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Appeal Court Adjourns Hearing on Election Sequence

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By Abdullahi Mohammed

 

As a custodian of the law, the Court of Appeal, Abuja Division has adjourned hearing in a suit challenging the ruling of a Federal High Court which set aside the amendment of the 2010 Electoral Act.

A three-man panel of the court led by Justice Abubakar Yahaya told the parties in the case on Thursday that a full court would be constituted to hear the suit, as their panel cannot hear the appeal.

The counsel to the National Assembly, Mr Joseph Daudu, said the issue before the court was very urgent.

He told the court that suit torched on matters of the coming general elections and as such, time was important.

Daudu stressed that urgency was much more intense, as not having a pronouncement could make anyone want to challenge the bill.

In his submission, counsel to the Accord Party Wole Olanipekun told the court that there was nothing urgent about the appeal to warrant parties to return to the court when the Appeal Court was headed for its annual vacation.

He, therefore, urged the court to adjourn the case till the next legal year.

In a short ruling, Justice Yahaha adjourned the case till a date to be communicated to the parties, for a full panel to be constituted.

The Federal High Court had ruled in favour of the Accord Party which urged President Muhammadu Buhari not to sign into law the amended Electoral Act Bill 2018.

The court held that the National Assembly lacked the powers to decide on the sequence of the election on behalf of the Independent National Electoral Commission (INEC).

Since Nigeria returned to democracy, presidential and National Assembly elections have been conducted on the same day before other polls, while the governorship and State Houses of Assembly elections follow.

Lawmakers at the National Assembly had in February amended the election sequence such that the National Assembly polls would be conducted first, followed by the state lawmakers and the governors while the presidential election should take place last.

This led to a heated debate in the Senate after which President Buhari wrote the lawmakers in March, informing them that he had withheld assent to the amendment of the 2010 Electoral Act.

The President had stated that the amendment to election sequence in section 25 of the Principal Act might infringe on the constitutionally guaranteed discretion of INEC to organise, undertake and supervise all elections provided in section 16(a) of the constitution.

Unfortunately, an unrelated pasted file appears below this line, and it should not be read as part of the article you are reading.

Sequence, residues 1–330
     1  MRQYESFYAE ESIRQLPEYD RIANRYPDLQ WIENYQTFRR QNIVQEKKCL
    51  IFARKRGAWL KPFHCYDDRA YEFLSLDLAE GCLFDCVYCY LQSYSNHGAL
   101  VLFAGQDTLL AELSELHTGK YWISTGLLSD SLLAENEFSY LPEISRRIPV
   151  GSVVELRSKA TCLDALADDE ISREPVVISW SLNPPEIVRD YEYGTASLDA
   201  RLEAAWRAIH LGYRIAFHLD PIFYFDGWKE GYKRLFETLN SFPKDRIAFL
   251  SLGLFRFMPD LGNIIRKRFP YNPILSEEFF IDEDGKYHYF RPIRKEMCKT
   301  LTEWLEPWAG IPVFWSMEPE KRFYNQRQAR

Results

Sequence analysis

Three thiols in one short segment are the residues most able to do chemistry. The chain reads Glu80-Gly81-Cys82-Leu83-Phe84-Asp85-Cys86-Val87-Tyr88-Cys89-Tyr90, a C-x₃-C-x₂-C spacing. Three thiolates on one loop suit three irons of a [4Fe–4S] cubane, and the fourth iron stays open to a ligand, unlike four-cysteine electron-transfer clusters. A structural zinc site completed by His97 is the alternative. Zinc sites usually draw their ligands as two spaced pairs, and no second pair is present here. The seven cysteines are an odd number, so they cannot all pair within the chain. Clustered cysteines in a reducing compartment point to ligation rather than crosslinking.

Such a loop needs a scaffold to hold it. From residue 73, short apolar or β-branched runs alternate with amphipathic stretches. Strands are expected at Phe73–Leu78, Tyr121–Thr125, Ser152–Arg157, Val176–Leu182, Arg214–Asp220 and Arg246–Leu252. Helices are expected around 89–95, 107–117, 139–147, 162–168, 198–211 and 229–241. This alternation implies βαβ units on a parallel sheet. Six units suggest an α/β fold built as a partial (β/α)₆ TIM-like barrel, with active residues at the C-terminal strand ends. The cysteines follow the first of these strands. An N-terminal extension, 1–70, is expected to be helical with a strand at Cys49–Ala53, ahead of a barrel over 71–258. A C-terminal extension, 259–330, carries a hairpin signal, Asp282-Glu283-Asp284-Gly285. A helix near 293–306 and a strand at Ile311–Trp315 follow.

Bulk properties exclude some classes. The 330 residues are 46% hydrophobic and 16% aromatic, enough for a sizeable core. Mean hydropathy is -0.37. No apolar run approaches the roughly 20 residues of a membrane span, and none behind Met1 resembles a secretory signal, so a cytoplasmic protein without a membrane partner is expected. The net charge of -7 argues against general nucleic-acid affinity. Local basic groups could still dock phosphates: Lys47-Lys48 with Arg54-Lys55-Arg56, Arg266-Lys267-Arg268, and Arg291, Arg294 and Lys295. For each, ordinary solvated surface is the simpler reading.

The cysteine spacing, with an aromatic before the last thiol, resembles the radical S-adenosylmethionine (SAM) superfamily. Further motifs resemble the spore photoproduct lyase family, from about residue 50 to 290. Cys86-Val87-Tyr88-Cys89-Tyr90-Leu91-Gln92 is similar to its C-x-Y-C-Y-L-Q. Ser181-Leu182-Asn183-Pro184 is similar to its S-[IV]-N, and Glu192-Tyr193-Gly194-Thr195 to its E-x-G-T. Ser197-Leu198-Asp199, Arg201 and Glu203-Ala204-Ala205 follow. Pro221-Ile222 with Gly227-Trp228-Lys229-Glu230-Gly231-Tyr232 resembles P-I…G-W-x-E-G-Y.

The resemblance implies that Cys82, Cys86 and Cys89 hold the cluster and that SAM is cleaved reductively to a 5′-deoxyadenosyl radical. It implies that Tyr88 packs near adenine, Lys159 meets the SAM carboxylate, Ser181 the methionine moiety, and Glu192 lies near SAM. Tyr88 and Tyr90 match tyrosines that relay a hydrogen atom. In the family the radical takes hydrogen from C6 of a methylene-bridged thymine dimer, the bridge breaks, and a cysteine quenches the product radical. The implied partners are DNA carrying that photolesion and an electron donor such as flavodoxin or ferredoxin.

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Brexit Plans in Turmoil, ‘Leave’ Campaign Fined for Violations

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By Abdullahi Mohammed

Late last night, U.K. Prime Minister Theresa May accepted four hard-right amendments to her government’s Brexit plan, quelling a rebellion in her own party. But analysts say the concessions will destroy her newly minted “customs facilitation agreement” on the controversial issue of the Irish border. Now May hopes to send Parliament into early recess amid fears of a leadership challenge. Meanwhile, the Vote Leave campaign has been fined more than $80,000 and reported to police for breaking spending laws and illegally coordinating with another pro-Brexit group.

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‘Lava Bomb’ Injures 23 on Hawaii Tour Boat

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By Abdullahi Mohammed
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By Abdullahi Mohammed

A boat carrying tourists to watch lava flowing into the Pacific Ocean from Hawaii’s Kilauea volcano was struck by a flying chunk of molten rock yesterday. The ball of lava burst through the boat’s roof, leaving one woman with a fractured femur and others with burns and cuts. Tour operators say the sightseeing boats will keep running, but will take the Coast Guard’s new advice to stay farther away from the lava flow. Meanwhile, Kilauea’s recent eruption has created a small new island, according to the United States Geological Survey.

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US Court Suspends Rapid Deportations

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By Abdullahi Mohammed
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District Judge Dana Sabraw ruled yesterday to temporarily bar the deportations of recently reunited migrant families — another setback for the Trump administration’s controversial immigration reforms. The American Civil Liberties Union brought the case, arguing that parents who’ve been reunited with their kids should have time to consider leaving their children in the U.S. to pursue asylum claims. While government lawyers argued that swift deportations are key to making more space for detainees, Sabraw said slowing or ceasing family reunification is “not an option.” The next hearing is set for July 24.

Courtesy: Daily Briefing

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